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Most people think of the “mentally disordered” as a delusional lot, holding bizarre and irrational ideas about themselves and the world around them. Isn’t a mental disorder, after all, an impairment or a distortion in thought or perception? This is what we tend to think, and for most of modern psychology’s history, the experts have agreed; realistic perceptions have been considered essential to good mental health. More recently, however, research has arisen that challenges this common-sense notion.
Those with paranoid disorders can sometimes possess a certain unusual insight as well. It has often been asserted that within every delusional system, there exists a core of truth—and in their pursuit of imagined conspiracies against them, these individuals often show an exceptionally keen eye for the real thing. People who interact with them may be taken aback as they find themselves accused of harboring some negative opinion of the person which, secretly, they actually do hold. Complicating the issue, of course, is the fact that if the supposed aversion didn’t exist before, it likely does after such an unpleasant encounter.
How does one convince a depressed person that “everything is all right” when her life really does suck? How does one convince an obsessive-compulsive patient to stop religiously washing his hands when the truth of what gets left behind after “normal” washing should be enough to make any sane person cringe? These problems put therapists in the curious position of teaching patients to develop irrational patterns of thinking—patterns that help them view the world as a rosier place than it really is. Counterintuitive as it sounds, it’s justified because what defines a mental disorder is not unreasonable or illogical thought, but abnormal behaviour that causes significant distress and impairs normal functioning in society. Treatment is about restoring a person to that level of normal functioning and satisfaction, even if it means building cognitions that aren’t precisely “rational” or “realistic.”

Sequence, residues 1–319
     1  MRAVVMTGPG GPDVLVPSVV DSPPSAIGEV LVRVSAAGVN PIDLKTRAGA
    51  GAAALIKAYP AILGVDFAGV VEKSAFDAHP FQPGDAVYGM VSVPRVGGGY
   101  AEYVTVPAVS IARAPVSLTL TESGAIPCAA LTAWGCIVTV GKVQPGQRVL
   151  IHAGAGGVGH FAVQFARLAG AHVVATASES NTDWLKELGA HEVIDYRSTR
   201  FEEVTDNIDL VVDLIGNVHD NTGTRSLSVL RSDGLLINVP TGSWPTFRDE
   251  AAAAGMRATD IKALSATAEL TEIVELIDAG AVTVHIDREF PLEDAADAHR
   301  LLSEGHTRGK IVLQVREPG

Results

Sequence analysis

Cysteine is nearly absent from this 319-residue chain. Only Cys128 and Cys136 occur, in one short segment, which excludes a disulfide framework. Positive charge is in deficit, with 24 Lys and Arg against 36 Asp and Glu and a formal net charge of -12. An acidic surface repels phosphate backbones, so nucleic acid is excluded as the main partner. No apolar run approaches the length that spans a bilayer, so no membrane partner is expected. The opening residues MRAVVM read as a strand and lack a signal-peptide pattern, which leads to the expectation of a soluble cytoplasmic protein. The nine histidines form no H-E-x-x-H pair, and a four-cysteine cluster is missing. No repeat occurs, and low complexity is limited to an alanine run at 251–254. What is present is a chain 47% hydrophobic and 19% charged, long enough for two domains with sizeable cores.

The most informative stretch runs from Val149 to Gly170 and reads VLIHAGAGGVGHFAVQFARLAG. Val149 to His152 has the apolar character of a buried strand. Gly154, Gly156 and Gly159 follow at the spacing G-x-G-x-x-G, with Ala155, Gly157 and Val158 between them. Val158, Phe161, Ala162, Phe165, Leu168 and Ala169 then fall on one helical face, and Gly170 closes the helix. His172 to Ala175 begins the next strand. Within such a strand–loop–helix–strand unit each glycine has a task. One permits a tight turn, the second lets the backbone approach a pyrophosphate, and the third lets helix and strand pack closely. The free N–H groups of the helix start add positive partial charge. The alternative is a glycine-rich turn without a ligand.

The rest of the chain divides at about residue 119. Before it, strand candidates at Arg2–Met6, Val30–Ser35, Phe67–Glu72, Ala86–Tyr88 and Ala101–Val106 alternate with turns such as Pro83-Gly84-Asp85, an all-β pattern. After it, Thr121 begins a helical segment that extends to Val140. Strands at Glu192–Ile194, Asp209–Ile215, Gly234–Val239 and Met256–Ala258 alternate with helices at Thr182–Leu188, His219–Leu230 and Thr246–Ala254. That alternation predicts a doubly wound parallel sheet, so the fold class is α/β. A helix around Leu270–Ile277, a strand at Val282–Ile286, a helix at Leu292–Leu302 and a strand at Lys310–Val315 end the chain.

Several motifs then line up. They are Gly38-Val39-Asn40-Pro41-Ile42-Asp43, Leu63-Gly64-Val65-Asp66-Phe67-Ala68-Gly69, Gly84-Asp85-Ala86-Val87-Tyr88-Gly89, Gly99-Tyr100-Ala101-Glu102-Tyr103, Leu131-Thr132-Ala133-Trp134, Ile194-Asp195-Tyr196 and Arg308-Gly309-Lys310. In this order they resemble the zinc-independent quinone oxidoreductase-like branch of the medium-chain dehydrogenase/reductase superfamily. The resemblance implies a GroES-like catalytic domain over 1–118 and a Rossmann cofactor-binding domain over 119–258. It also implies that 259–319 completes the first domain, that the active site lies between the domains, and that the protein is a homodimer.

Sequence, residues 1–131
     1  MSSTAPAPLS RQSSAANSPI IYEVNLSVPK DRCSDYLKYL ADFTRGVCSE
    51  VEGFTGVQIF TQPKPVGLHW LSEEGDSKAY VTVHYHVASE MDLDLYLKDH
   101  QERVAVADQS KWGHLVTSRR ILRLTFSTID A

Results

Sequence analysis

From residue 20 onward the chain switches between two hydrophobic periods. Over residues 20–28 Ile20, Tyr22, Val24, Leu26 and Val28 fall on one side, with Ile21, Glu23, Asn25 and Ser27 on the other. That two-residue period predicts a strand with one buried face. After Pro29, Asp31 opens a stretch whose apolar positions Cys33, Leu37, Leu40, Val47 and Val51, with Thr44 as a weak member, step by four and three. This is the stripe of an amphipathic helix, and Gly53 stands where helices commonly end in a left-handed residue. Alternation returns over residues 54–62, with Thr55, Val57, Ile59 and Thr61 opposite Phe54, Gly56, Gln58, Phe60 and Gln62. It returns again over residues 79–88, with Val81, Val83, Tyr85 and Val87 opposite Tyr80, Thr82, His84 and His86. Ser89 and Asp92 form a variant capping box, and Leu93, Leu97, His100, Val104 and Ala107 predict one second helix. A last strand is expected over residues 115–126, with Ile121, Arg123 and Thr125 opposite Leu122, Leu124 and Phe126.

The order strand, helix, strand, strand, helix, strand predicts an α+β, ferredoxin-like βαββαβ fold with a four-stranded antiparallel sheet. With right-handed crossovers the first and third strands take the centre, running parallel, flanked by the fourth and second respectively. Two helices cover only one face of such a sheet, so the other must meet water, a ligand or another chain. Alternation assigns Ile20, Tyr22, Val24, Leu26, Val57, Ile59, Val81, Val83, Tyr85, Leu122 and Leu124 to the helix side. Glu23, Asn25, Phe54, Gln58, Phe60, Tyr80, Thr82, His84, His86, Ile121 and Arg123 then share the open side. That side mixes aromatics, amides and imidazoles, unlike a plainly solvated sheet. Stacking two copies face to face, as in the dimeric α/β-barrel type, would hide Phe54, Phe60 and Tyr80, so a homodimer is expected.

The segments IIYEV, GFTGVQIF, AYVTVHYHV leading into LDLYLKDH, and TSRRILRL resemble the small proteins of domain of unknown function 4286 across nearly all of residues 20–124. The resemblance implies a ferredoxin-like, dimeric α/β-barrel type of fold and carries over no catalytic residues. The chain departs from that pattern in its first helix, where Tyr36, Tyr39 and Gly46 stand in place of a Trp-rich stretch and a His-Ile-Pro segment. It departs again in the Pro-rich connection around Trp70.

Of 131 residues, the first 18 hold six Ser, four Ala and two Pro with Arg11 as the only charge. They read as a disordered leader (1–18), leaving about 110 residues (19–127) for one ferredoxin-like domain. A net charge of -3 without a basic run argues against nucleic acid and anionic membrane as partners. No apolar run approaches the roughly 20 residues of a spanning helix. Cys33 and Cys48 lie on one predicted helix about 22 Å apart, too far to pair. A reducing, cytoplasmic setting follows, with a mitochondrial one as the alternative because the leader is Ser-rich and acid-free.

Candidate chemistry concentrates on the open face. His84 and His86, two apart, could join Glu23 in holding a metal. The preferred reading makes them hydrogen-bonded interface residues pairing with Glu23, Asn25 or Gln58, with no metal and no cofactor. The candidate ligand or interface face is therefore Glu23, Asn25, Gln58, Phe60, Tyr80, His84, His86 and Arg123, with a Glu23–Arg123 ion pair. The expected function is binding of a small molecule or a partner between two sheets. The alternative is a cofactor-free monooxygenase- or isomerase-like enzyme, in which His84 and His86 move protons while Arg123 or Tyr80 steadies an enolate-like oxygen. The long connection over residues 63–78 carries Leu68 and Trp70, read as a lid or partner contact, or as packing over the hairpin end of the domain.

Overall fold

It’s certainly easier to think of the mentally disordered as lunatics running about with bizarre, inexplicable beliefs than to imagine them coping with a piece of reality that a “normal” person can’t handle. The notion that we routinely hide from the truth about ourselves and our world is not an appealing one, though it may help to explain the human tendency to ostracize the abnormal. Perhaps the reason we are so eager to reject any departure from this fiction we call “normality” is because we have grown dependent on our comfortable delusions; without them, there is nothing to insulate us from the harsh cold of reality.
Originally posted by educatedhick
I would also like to know how much influence pharmacuticals have on society and it's breakdown. The idea that it's o.k. to be psycotic as long as its controled in an approved direction is, to put it bluntly, crazy. It brins to mind musings on exactly who is in the asylum and who is in charge of it. Myself, being a Waylon Jennings fan, I have always been crazy but it's kept me from going insane. Thank you for this thread
PSYCHIATRIST “soul healer” (ψυχή, psukhē, meaning “breath; spirit; soul”); and (ἰατρεία, iatreia, meaning “healing”) Quite a disparity between the literal meanings of the words and meanings the mental health profession imbues them with today. What is the significance of this gap between historical meaning and present-day usage? Eduardo Duran attempts to answer the question: